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Basic buoyancy question: Man in a boat with a stone

A man is on a boat, in the middle of a quiet lake.
He has something in his hands (anything you like)
He throws the "something" in the water.

Does the water level increases or decreases? And if the answer is "it depends", on what it does?

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marked as duplicate by John Rennie, Qmechanic, David Z Oct 25 '12 at 15:04

This question has been asked before and already has an answer. If those answers do not fully address your question, please ask a new question.

    
whatever, doesn't matter (I guess :-) –  Melchiade Bedrosian Baol Oct 25 '12 at 13:36
    
Ok I got your point :-) My mistake, I meant the water level of the lake –  Melchiade Bedrosian Baol Oct 25 '12 at 13:40
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2 Answers 2

up vote 4 down vote accepted

If the object floats: water level stays the same

If the object sinks: water level decreases

Consider the force balance. The Earth exerts an upward force on the lake. Anything floating on the water is included in the weight of the lake. Since water is constant density, the upward force on the lake is a direct function of the water level - a higher level results in a higher pressure on the bottom, and a lower level results in a lower pressure on the bottom. Thus, no matter how you rearrange items supported by buoyancy on (or in) the lake, the water level will stay the same. An object that sinks touches the floor of the lake, so the prior argument no longer applies. The force balance dictates that the weight of the lake is less (as we consider the sunk object to no longer be a part of the hydrostatic body, since it's supported by a separate and unconnected normal force), and thus the water level will be less.

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and if the object is just more water? –  adamdport Oct 25 '12 at 14:31
    
@adamdport The water level stays the same. The question of whether water itself is buoyant is a little more confused and frustrated. It both sinks and floats, it's the boundary between the two regions in the piecewise function that makes up the answer. Fortunately, however, the level is well defined in that case, it still stays the same. It would be different for oil or mercury. –  AlanSE Oct 25 '12 at 14:34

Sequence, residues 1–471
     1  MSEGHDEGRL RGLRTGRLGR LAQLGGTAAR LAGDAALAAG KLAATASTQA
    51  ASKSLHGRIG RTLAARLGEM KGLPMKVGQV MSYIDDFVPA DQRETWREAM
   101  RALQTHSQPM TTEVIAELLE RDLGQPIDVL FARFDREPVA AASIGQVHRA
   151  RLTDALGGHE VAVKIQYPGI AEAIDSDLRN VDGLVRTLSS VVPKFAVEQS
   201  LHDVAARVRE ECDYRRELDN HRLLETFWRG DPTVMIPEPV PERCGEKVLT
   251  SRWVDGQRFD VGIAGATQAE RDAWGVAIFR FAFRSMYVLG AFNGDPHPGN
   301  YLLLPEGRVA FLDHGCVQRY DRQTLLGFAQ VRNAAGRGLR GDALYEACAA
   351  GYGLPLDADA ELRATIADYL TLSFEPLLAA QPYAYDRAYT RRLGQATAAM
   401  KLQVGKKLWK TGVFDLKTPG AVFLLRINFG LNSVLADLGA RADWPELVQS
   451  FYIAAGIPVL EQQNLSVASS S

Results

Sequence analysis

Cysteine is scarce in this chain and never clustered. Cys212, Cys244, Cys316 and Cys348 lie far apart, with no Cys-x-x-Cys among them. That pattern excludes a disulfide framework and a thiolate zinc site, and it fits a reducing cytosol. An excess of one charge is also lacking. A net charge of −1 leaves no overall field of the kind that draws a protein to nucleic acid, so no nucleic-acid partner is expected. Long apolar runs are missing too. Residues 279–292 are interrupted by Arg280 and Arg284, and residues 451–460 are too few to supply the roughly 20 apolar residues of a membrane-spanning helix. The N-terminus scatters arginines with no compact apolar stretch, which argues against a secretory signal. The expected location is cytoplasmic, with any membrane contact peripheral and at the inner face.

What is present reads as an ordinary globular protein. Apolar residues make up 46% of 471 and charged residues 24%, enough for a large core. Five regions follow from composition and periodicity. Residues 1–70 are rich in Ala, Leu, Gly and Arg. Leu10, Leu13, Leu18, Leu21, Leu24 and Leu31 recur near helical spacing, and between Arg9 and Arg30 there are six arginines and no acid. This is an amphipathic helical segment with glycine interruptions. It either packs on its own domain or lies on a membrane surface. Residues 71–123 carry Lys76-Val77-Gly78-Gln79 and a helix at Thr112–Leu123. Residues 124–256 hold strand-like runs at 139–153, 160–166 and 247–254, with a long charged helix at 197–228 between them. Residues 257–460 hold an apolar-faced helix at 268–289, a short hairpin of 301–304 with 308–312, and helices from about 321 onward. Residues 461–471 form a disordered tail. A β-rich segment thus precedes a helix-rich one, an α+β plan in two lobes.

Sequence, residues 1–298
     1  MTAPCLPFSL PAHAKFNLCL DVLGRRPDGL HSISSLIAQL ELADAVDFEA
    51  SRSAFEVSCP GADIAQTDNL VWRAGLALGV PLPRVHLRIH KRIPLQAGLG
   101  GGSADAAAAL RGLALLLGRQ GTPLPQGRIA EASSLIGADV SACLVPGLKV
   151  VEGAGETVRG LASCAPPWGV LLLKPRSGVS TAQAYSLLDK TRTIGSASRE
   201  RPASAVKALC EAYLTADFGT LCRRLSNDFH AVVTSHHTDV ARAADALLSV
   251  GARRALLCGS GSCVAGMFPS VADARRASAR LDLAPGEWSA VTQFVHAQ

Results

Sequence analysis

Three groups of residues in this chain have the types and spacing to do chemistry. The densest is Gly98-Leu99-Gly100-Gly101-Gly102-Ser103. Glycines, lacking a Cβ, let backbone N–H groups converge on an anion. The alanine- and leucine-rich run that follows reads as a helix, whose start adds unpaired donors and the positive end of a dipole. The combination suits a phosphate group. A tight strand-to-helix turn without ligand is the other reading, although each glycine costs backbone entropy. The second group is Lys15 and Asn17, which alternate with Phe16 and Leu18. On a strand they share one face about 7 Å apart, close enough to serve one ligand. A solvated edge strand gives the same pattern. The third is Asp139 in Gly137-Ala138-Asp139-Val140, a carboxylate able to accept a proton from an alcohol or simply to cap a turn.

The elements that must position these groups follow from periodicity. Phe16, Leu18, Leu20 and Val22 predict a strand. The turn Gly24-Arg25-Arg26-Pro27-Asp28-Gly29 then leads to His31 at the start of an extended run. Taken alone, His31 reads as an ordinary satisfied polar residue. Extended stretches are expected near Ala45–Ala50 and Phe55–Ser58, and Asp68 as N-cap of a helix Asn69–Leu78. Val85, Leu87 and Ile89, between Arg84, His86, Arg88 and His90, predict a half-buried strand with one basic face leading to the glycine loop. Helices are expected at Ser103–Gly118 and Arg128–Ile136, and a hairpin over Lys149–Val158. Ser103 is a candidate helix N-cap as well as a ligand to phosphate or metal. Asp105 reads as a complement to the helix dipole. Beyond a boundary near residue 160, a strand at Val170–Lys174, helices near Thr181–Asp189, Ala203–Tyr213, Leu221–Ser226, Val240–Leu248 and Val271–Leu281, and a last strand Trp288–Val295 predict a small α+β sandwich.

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The question Basic buoyancy question: Man in a boat with a stone is an exact duplicate. The answer is that if the thing you throw from the boat has a density greater than water the level falls. If the object's density is less than water the level rises.

Oops:

Ah, yes, as Alan points out in his comment, in Basic buoyancy question: Man in a boat with a stone the equation for the volume of water displaced assumes the object is full submerged, and for a density less than water this wouldn't be the case. To briefly reprise the other question, when the object is in the boat the volume of water displaced is:

$$ V_{disp1} = \frac{M + m}{\rho_w} $$

and if the object is thrown from the boat and fully submerged the volume of water displaced is:

$$ V_{disp2} = \frac{M}{\rho_w} + \frac{m}{\rho_r} $$

where $\rho_r$ is the density of the object, so the change in volume displaced is:

$$ V_{disp1} - V_{disp2} = \frac{m}{\rho_w} - \frac{m}{\rho_r} $$

hence if $\rho_r$ > $\rho_w$ then $V_{disp1} > V_{disp2}$ and the water volume falls. But if the object has a density less than water, and therefore floats, the second equation changes to:

$$ V_{disp2} = \frac{M}{\rho_w} + \frac{m}{\rho_w} = \frac{M + m}{\rho_w} $$

so $V_{disp2} = V_{disp1}$ and the water level doesn't change.

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Not an exact duplicate because this question includes objects less than the density of water and the asking of that question does not. –  AlanSE Oct 25 '12 at 13:52
    
Well the other question gives the answer in terms of $\rho_r$. Admittedly this is the density of a rock, but nothing in my answer constrains the value of $\rho_r$. It could be a rock made from pumice :-) –  John Rennie Oct 25 '12 at 13:55
    
@JohnRennie Correct me if I'm wrong, but I think that answer is actually wrong for $\rho_r<\rho_w$. Try it. I think it should be a piecewise function if applied to this question. It's just adding an adjustment for the case that it floats. –  AlanSE Oct 25 '12 at 13:58
    
If the "object" is a astronomically giant air balloon (allowed in this question) then your answer predicts that water level is increase astronomically. This is only correct if God takes whatever the object is and jams it down into the lake against the force of buoyancy. –  AlanSE Oct 25 '12 at 14:02
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@MelchiadeBedrosianBaol you should accept Alan's answer as I got the answer for $\rho_r < \rho_w$ wrong at the first attempt and wouldn't have noticed if he hadn't corrected me. –  John Rennie Oct 25 '12 at 14:37
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